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FRANKFORT, Kentucky, March 7, 2019 (LifeSiteNews) – Legislation to ban the “doxing” of minors overwhelmingly passed a Kentucky Senate committee on Wednesday, inspired by the torrent of threats aimed at Covington Catholic High School Students after a video from the March for Life inspired a wave of false accusations against the boys.

The Senate State and Local Government Committee voted 8-3 to approve Senate Bill 240, the Louisville Courier Journal reports. The bill would make it a crime to disseminate personal identifying information about a minor on the internet – such as names, addresses, birth dates, Social Security numbers, schools, or contact info – for the purpose of harassing or intimidating that person. “Doxing” would start out as a misdemeanor but become a felony if it resulted in physical or financial harm to the victim.

Opponents of the legislation, such as Rebecca DiLoreto of the Kentucky Association of Criminal Defense Lawyers and Democrat state Sen. Morgan McGarvey, argued the bill was broad enough to potentially infringe on free speech and criminalize students simply taunting each other online.

“I think it would force people to think before they tweeted,” Todd McMurtry, an attorney representing the family of Covington student Nick Sandmann, said in support of the measure. “I think it would do a lot to make the internet, Facebook and Twitter at least a little bit safer.”

Immediately following January’s March for Life in Washington, D.C., the press erupted with claims that a video showed Covington students harassing Nathan Phillips, a Native American activist, outside the Lincoln Memorial. But additional extended video and firsthand accounts soon revealed that Phillips was the one who waded into the group waiting for its bus and decided to beat a drum inches from Sandmann’s face, while members of the Black Hebrew Israelites fringe group shouted racial taunts at the kids.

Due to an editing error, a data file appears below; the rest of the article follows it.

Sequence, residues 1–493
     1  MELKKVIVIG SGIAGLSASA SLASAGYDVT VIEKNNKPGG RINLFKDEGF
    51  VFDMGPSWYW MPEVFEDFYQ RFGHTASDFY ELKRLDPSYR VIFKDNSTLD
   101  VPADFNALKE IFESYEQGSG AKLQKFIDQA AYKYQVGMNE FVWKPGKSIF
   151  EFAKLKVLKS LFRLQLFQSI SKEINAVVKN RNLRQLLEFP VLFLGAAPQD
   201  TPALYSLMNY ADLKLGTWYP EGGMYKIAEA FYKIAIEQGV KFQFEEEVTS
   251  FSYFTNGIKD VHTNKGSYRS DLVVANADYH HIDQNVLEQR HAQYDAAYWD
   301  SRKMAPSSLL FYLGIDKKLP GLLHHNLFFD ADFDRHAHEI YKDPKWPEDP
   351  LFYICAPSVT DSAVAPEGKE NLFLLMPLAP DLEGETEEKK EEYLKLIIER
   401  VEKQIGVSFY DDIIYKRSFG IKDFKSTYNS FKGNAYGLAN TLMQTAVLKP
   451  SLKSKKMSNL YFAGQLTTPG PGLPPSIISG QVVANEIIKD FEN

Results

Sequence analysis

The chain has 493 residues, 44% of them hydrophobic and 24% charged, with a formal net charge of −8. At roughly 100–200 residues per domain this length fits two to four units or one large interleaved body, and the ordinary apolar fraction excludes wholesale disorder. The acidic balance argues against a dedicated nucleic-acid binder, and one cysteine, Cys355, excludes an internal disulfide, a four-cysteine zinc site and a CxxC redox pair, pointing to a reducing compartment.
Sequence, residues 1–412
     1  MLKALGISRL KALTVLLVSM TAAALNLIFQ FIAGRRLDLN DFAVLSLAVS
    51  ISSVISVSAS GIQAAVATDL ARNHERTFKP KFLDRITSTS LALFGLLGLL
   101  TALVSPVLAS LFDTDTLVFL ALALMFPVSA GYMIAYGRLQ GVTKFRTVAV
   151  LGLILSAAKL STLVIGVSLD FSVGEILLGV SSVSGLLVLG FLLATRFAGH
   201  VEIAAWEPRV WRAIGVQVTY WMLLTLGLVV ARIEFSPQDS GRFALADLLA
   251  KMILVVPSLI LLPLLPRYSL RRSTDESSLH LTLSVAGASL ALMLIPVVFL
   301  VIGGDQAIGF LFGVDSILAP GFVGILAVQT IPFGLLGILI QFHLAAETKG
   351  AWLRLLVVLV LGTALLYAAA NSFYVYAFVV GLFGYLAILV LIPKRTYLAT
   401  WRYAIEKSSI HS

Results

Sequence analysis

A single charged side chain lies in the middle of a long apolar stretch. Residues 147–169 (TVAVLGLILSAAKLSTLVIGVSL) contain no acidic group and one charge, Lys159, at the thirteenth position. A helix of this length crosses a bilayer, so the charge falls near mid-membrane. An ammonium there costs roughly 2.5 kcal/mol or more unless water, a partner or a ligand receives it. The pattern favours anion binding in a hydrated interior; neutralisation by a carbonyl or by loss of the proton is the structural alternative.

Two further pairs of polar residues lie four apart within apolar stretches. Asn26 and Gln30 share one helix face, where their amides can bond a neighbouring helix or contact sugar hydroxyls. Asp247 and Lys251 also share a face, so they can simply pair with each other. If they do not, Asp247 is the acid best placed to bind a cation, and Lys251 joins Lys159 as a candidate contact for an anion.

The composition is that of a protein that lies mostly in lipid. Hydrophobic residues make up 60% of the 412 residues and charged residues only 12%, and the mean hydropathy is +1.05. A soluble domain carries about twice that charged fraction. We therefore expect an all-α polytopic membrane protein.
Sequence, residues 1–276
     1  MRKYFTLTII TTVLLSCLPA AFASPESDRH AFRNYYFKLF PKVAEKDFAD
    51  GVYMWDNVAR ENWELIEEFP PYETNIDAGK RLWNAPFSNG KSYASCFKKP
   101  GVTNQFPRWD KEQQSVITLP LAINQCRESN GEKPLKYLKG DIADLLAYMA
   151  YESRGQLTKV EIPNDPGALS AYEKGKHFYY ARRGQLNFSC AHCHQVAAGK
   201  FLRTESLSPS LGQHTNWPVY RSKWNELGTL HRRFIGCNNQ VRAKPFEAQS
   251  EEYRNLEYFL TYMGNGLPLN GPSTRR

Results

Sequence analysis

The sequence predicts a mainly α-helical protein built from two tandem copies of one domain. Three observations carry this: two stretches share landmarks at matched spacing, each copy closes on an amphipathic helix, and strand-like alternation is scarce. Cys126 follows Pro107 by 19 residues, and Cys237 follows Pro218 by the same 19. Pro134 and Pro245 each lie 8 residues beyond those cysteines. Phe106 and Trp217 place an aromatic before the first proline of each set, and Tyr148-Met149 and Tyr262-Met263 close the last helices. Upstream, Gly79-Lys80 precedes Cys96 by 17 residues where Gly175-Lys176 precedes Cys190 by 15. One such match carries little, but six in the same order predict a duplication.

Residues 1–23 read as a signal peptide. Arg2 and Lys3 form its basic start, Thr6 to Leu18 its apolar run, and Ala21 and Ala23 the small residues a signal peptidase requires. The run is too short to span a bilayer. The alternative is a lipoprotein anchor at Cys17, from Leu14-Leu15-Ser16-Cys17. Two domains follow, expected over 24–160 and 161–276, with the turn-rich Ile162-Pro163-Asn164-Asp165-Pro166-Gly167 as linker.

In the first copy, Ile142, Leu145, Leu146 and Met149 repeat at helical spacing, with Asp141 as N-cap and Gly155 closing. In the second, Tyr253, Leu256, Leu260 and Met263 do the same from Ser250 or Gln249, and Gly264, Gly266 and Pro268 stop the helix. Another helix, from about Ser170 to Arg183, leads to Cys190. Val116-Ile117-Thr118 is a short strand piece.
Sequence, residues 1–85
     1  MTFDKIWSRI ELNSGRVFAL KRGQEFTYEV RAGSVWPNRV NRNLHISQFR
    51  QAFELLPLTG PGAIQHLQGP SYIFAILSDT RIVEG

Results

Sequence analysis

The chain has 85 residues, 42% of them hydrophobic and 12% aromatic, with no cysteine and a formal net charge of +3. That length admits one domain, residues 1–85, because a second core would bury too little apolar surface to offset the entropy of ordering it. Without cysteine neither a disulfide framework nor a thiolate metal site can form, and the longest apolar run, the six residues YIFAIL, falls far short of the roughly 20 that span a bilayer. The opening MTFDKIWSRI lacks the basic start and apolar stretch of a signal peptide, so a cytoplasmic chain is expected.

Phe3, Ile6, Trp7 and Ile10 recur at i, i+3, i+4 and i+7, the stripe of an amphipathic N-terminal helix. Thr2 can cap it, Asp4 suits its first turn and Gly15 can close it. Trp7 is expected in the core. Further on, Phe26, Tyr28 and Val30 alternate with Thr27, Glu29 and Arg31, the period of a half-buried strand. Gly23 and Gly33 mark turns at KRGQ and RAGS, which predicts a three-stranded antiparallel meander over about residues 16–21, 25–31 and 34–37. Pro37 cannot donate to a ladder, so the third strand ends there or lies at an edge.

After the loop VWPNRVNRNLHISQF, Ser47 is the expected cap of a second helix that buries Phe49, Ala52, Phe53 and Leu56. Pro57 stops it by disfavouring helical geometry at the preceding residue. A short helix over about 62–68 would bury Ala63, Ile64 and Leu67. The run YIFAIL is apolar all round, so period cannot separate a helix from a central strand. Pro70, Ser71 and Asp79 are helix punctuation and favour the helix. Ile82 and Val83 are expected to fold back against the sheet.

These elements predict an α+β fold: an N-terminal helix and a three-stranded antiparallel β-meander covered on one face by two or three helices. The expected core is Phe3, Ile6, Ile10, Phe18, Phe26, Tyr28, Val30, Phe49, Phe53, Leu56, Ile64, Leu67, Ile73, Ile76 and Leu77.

Last month, an independent investigation commissioned by the Diocese of Covington (which had initially condemned the boys) cleared them of wrongdoing, confirming the students’ explanation that they had been performing chants to drown out the Black Hebrew Israelites, and did not respond to their abuse in kind.

Many who ran with the original narrative just as quickly deleted their initial condemnations, but as some try to keep it alive, attorneys representing the students have threatened to sue numerous media figures and Phillips himself for defamation. Sandmann’s attorneys have filed a $250 million lawsuit against the Washington Post.

Among the hate directed at the students were multiple calls to violence not only by internet trolls but by celebrities and media figures. Left-wing actress and former CNN contributor Kathy Griffin, for example, tweeted, “Name these kids. I want NAMES. Shame them. If you think these f***ers wouldn’t dox you in a heartbeat, think again.”

Michelle Grissom, a middle-school history teacher in Colorado, was placed on leave after she incorrectly identified a student who didn’t attend the March as being in the video, calling him a member of the “#HitlerYouth.”

“My son, Nicholas Sandmann, was the victim of the most sensational Twitter attack in the history of the internet,” Nick’s father Ted Sandmann told the committee in support of the legislation, detailing his son’s experiences since the video was published. “It shows how far out of control social media has become […] We are still a far way from winning back my son’s reputation.”

The bill is likely to win the support of the full Senate and House, as well as that of Republican Gov. Matt Bevin. But SB 240’s sponsor, Republican state Senator and Attorney General candidate Wil Schroder, noted that there was limited time remaining in the current legislative session and the bill might not be enacted until next year.